A Brahms concerto being played on a Stradivarius violin can be a priceless experience, but is the wooden box with the strings stretched over it in and of itself a good?
Historically, valuable antique instruments have been an opaque, illiquid and risky market, according to panelists at the Mondomusica violin show held last week in New York. But if done right, clients can get a high return on their investment.
Elizabeth Pitcairn (pictured here), for example, purchased a Stadivarius violin at Christie’s in 1990 for $1.7 million, she said during Mondomusica. Today, the violin, which inspired the film “The Red Violin,” is worth $10 million.
That’s over a 23-year period, of course, and investors who can lock up their money for that length of time can profit; for shorter-term investors the returns just aren’t there, said Seth Novatt, managing director at Alliance Bernstein. Novatt said the typical holding period for musical instruments is about 10 years, and investors can expect returns of about 3 to 4 percent after inflation.
“You can’t be in a rush,” said Christophe Landon, founder of Christophe Landon Rare Violins.
Investors also have to factor in the time and money involved in selling through a dealer. The costs are high because you’re supporting a market infrastructure, said Kerry Keane, global specialist and head of musical instruments at Christie’s; consider shipping costs (few would trust a $10 million instrument to commercial transportation carriers),, appraisals and vertification all can add to the transaction costs.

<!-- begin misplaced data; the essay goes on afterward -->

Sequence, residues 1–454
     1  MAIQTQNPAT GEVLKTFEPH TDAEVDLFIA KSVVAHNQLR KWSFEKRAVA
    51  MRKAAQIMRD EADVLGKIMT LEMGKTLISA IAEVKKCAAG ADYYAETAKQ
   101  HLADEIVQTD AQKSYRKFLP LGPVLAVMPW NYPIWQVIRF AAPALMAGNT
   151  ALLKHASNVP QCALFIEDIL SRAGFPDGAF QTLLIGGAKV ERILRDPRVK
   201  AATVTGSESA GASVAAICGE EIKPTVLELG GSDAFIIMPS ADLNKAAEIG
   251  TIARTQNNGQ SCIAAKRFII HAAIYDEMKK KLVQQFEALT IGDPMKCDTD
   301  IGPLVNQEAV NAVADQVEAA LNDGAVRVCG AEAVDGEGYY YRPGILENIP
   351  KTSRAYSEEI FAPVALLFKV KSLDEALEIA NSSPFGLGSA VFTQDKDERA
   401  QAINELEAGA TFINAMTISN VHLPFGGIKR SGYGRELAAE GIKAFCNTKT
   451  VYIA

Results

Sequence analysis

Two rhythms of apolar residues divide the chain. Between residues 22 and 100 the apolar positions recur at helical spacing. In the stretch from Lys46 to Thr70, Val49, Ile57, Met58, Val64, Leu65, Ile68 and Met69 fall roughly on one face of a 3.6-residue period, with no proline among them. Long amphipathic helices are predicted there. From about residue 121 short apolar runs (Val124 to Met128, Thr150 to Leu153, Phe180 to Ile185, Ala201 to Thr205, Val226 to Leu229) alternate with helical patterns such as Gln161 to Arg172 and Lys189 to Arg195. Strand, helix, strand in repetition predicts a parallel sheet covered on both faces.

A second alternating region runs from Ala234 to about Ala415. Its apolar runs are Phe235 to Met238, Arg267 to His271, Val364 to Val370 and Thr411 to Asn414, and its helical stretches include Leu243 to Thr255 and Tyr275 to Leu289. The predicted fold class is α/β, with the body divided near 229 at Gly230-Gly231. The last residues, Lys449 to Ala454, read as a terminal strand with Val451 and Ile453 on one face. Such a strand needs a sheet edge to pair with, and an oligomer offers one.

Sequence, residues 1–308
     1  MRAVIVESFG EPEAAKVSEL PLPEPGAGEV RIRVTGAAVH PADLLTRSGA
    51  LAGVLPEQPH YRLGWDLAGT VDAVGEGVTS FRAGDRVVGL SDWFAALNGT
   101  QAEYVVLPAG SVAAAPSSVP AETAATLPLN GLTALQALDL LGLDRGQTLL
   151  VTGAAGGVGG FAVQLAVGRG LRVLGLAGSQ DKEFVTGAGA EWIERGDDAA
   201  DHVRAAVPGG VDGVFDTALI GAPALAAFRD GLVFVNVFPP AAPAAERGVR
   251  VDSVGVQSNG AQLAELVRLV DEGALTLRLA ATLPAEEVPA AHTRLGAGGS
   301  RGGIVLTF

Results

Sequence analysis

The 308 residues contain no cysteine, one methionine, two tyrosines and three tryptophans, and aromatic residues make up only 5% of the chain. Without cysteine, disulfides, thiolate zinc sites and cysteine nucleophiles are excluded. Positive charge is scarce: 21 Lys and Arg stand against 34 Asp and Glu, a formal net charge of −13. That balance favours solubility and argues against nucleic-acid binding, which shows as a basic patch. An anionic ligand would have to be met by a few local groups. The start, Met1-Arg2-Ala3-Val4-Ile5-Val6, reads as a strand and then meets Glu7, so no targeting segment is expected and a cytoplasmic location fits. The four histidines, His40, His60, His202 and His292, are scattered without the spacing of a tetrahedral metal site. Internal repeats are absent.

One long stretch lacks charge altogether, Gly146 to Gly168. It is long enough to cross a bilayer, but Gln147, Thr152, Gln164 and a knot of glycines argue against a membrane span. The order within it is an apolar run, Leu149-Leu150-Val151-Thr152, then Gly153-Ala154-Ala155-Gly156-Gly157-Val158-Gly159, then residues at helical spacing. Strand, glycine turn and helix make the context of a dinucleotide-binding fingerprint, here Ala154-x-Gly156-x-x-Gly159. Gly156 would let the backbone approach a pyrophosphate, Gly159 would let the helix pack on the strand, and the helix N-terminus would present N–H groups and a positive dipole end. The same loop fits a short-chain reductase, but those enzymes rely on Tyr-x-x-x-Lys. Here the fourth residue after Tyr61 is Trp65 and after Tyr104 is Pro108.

That said, demand for these investments has increased in the last few years, especially in newlike Asia and Russia, Novatt said. The financial meltdown of 2008 meant high-net-worth investors looked to diversify their holdings and took a greater interest in collectibles.
Collectibles typically have a low correlation to stocks and bonds, a long-term track record for increasing in value, and can be a stable investment, Novatt said. They can be restored to near original condition. In addition there’s greater access to information online about these investments and the auction houses that sell them, bringing greater transparency to the market.
There are other risks, of course. For one, they can be stolen because they’re easily transportable, said Anthony Finley, partner at the hedge fund Artisan Rare Instrument Fund. Investors should also watch out for fakes and lower-value instruments, Finley said.
“If all those top instruments are already spoken for, there is a whole slew of other instruments that are out there that you need to be aware of--their relative values,” he said. “But you can waste a lot of money.”
By investing in a fund of instruments, clients can spread the risk across multiple instruments, Finley said.
The Value of the Instrument
How can you tell if an instrument is worth it? Keane said there are six determinants of value: attribution, or who made it; quality; audition; provenance, or who owned it in the past; freshness in the market; and fashion, a huge driver.
At the same time, instruments can be difficult to value; it’s hard to track their performance over time, and while it is getting better there still isn’t a lot of research on this market. But that also means there is room for the market to evolve, and that can create opportunities.
“As long as the value of the top violins continue to expand, which we think they will do for quite some time, I think there are going to be growing gaps and areas of opportunity between various makers, various schools that I think are going to be filled in over time,” Novatt said. “And those are going to represent real opportunities for investment.”